NBA Draft Outlook: Minnesota Timberwolves
Courtesy of FanSided (Dunking With the Wolves)
After losing in the first round of the 2017-18 Western Conference playoffs to the top-seeded Houston Rockets, the Minnesota Timberwolves were quickly forced to deal with another blow to the franchise’s championship hopes: The Jimmy Butler saga. The trade-demand ordeal was a huge distraction that ultimately resulted in a sour-faced trade to Philadelphia that brought back Robert Covington, Dario Saric, Jerryd Bayless, and a 2022 second-round pick.
On January 7th, 2019, the organization (rather unceremoniously) decided to part ways with head coach and then-president of basketball operations, Tom Thibodeau. Minnesota eventually finished the regular season with a 36-46 record. Needless to say, the focus is on now on the future for the Timberwolves, and what better way to transition than by selecting a player in the 2019 NBA Draft lottery? For the purposes of this article, it is assumed that the Timberwolves will be locked in to the 10-spot in both the pre- and post-lottery orders.
Key Returners: Andrew Wiggins, Jeff Teague, Karl-Anthony Towns, Robert Covington, Dario Saric, Josh Okogie, Keita Bates-Diop, Gorgui Dieng
Notable Free Agents: Taj Gibson, Tyus Jones, Derrick Rose
Notable Draft Selections: 10th overall (pre-lottery)
Team Needs: perimeter shooting, guard depth, athleticism
Freshman stats: 16.1 PPG, 4.1 APG
White’s craftiness and ability to score at all three levels make him a prime candidate to be selected in the lottery of the 2019 draft. He will need to improve his decision-making and overall patience, but starting point guard potential is there, shown by his ability to find the open man and generate offense off of pick-and-rolls. At 6-foot-5, White possesses a versatility that would allow him to play both as an on-ball initiator and as a cutter or shooter away from the ball. Shooting 35.2% from deep on 6.7 attempts in his lone season at North Carolina, he has demonstrated a well-developed shooting stroke; White has the potential to be one of the best shooters in this class.
The only point guard under contract for next season is Jeff Teague, and he becomes a free agent in July of 2020. Minnesota does not have a clear successor at the point guard position going forward. Tyus Jones is primed for a backup role if he returns, and neither Teague nor Derrick Rose are viable long-term options; White gives the Timberwolves much-needed perimeter shooting and guard depth. His positional versatility in the backcourt would be viewed as a tantalizing luxury for the organization, and his All-Star ceiling should only serve to make Minny’s mouth water even more.
Freshman stats: 16.2 PPG (53.7 FG%), 3.8 RPG
Unfortunately, there isn’t enough of a sample size to analyze Garland’s freshman season; a knee injury ended his lone collegiate campaign after just five appearances. However, during that time he did demonstrate the ability to really knock down the deep ball (47.8% on 4.6 attempts). Garland’s handles and obvious knack for distributing the basketball make him one of the best point guard prospects in this draft; his quickness and high basketball IQ have him consistently landing in the lottery of most mock drafts. Despite the effort he gives on defense, his ceiling is limited as a switch defender (important in today’s switch-heavy NBA), due to his underwhelming size and weight; Garland will have to out on serious muscle in order to successfully translate his game to the next level.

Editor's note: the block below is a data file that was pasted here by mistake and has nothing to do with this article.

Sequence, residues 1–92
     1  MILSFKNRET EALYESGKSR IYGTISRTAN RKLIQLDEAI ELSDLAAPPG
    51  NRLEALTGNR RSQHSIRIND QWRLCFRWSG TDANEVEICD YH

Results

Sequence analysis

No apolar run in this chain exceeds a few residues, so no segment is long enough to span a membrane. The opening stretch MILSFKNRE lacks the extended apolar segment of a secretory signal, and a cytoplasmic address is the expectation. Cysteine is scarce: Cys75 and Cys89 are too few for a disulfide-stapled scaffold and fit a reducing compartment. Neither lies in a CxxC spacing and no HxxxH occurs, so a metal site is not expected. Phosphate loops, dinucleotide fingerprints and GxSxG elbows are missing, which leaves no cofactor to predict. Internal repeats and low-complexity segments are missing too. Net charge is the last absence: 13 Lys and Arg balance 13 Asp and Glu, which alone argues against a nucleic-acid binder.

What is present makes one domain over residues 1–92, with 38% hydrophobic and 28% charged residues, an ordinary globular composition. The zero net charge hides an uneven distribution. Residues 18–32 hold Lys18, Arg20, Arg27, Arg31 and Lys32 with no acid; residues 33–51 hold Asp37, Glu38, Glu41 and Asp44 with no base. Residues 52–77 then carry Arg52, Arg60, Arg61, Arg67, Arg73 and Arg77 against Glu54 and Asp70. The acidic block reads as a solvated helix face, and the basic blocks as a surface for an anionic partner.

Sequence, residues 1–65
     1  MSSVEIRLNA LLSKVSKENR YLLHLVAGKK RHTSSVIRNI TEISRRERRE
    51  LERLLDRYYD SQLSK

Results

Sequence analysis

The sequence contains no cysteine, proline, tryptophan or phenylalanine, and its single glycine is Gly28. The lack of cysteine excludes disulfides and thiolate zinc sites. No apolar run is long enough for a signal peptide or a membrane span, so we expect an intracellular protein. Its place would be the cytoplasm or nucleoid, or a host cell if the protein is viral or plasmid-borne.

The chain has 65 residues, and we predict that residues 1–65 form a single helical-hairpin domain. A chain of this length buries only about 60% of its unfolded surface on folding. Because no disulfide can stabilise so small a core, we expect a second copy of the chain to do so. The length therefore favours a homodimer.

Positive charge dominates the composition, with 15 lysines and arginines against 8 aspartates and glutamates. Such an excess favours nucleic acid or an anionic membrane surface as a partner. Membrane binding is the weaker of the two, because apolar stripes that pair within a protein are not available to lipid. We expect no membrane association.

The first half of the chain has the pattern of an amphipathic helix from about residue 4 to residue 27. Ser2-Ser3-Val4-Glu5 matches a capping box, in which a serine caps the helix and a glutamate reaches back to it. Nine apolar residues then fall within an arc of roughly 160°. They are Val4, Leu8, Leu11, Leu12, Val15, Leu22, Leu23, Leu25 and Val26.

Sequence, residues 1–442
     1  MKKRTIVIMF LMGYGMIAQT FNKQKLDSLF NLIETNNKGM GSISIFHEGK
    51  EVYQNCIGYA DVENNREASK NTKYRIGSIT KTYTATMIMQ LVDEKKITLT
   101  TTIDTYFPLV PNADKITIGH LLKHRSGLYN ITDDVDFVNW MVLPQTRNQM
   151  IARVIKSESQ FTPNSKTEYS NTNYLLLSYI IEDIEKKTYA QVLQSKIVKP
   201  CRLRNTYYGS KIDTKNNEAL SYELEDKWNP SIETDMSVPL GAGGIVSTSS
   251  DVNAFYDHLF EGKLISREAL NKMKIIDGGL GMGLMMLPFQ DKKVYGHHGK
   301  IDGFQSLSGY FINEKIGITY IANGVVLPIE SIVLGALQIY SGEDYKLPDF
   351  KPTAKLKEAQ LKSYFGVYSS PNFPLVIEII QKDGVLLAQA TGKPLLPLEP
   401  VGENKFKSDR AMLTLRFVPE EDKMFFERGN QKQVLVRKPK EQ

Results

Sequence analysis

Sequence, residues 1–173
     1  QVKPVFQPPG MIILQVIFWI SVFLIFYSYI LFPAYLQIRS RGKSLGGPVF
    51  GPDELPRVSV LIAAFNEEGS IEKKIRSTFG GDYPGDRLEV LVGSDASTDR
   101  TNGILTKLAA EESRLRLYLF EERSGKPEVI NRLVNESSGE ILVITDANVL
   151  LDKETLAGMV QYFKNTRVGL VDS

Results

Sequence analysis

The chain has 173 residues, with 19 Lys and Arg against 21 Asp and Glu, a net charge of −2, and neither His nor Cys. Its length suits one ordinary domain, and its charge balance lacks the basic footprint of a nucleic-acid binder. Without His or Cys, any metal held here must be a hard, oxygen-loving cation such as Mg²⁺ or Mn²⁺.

Garland may be the best overall fit for the Wolves; his distributing and playmaking would directly benefit both KAT and Wiggins. He could also immediately contribute as a spot-up shooter, providing spacing and light perimeter playmaking with the potential to eventually develop into an All-Star caliber lead guard.
Junior stats: 16.9 PPG (68.7 FG%), 8.6 RPG, 3.2 BPG
While his 6-foot-8 frame may seem unimpressive at first, Brandon Clarke’s 7-foot-2 wingspan (when combined with his lateral quickness) makes him one of the best defensive players in this draft. On the offensive side of things, his ability to play above the rim and score efficiently around the basket stand out amongst the other big-men in the 2019 draft class. Although the sample size is small, Clarke has at least shown flashes of potentially developing an accurate mid-range or even three-point shooting stroke.
The decision to go with Clarke here may serve as a head-scratcher when one factors in the needs of the franchise, as they already have a star big-man in Karl-Anthony Towns; but Taj Gibson is an aging free agent, and Minnesota would be able to replace him with a young, talented two-way big with a relentlessly high-motor. Clarke’s athleticism and rebounding would nicely complement Towns’ more offensively-oriented skillset, and while he would be somewhat of a project (with a ceiling perhaps limited by his offensive game), he is nonetheless one of my top five best prospects in the 2019 NBA Draft lottery. If he’s around when Minnesota is making their selection, don’t be surprised if the Timberwolves leap at the chance to pair the defensively dynamic Clarke with their incumbent frontcourt superstar.